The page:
As day three of the trial against Anders Behring Breivik drew to a close, it had become clear that the Norwegian court is dealing with a man of much conviction and few friends. The mass murderer who killed 77 people in three hours showed no remorse and, despite claiming affinity with everyone from David Cameron and the National Socialist Underground to a secret international organisation called the Knights Templar, there is no proof that Breivik received assistance or encouragement from anyone.
Yet blame is being wildly apportioned, with everyone from Breivik’s divorced parents to right-wing Scandinavian politicians and Zionists being called to step up and offer a mea culpa. It seems it is not just Breivik but society itself that is on trial in Oslo and some are taking this as an opportunity to argue for clamping down on their particular political foes.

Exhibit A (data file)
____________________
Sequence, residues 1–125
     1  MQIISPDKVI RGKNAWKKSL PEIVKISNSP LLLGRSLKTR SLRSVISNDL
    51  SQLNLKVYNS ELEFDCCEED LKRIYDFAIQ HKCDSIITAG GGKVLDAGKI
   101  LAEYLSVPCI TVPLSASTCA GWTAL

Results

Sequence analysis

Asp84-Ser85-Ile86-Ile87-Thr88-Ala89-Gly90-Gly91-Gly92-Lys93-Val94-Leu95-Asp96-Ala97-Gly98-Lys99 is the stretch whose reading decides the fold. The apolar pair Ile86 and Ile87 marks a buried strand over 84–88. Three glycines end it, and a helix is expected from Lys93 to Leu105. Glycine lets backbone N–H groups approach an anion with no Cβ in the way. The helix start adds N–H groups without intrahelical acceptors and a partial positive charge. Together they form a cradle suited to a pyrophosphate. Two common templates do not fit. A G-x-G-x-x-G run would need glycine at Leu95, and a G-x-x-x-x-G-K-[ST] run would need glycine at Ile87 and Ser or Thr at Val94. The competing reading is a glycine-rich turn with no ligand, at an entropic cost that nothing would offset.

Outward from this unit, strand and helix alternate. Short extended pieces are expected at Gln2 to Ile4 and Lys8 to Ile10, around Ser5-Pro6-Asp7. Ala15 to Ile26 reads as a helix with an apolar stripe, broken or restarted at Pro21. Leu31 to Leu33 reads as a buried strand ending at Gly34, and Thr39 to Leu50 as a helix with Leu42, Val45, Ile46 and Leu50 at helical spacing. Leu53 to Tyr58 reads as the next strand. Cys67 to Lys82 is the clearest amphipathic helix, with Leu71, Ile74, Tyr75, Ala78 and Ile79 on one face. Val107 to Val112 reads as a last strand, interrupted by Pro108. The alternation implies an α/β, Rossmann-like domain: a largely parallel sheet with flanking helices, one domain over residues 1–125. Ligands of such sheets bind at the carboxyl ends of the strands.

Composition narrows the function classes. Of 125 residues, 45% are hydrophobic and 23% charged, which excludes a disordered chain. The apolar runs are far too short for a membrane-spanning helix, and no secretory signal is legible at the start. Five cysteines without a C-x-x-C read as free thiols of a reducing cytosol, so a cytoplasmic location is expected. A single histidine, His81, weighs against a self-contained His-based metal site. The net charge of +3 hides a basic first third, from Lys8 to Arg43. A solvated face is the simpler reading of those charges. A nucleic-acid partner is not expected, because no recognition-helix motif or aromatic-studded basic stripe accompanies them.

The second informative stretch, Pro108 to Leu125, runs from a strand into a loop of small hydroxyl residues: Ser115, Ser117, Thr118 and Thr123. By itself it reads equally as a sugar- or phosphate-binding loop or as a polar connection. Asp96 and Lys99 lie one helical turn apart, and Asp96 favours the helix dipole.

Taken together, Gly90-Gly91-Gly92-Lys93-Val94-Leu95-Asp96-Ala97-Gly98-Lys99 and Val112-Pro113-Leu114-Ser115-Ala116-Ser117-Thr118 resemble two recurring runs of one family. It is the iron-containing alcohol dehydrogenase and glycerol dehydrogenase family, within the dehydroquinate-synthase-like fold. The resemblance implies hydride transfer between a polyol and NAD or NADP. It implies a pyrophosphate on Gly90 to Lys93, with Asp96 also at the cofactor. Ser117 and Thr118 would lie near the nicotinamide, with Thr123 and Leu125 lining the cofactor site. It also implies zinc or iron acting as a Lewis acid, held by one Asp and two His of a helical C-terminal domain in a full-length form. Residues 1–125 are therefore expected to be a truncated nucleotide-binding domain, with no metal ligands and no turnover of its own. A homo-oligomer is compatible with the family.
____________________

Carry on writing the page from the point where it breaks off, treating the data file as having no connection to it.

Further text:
In The Times (London), a professor of developmental psychology speculated that Breivik’s parents’ divorce and his lack of contact with his father could have played a role in him turning into a (to put it in layman’s terms) deranged adult. In Norway, there have been claims that the widespread disgust for Breivik’s actions is not matched by disgust for his xenophobic motives. This is evidenced, apparently, by racist comments in online forums and by the Norwegian government rejecting asylum seekers from Ethiopia.
In neighbouring Sweden, the right-wing Sweden Democrat party has been lambasted for inspiring the kind of Islamophobia espoused by Breivik. One commentator even wrote that Breivik’s hour-long statement to the court might as well have been read out at the Sweden Democrats’ party congress.
In the UK, anti-racists have said that Breivik may have acted alone but he was nevertheless inspired by ‘anti-jihadists’, who must therefore be held to account. As per the group Hope Not Hate‘s definition, these anti-jihadists include neo-conservatives, Christian evangelicals, football hooligans, Zionists and ex-leftists.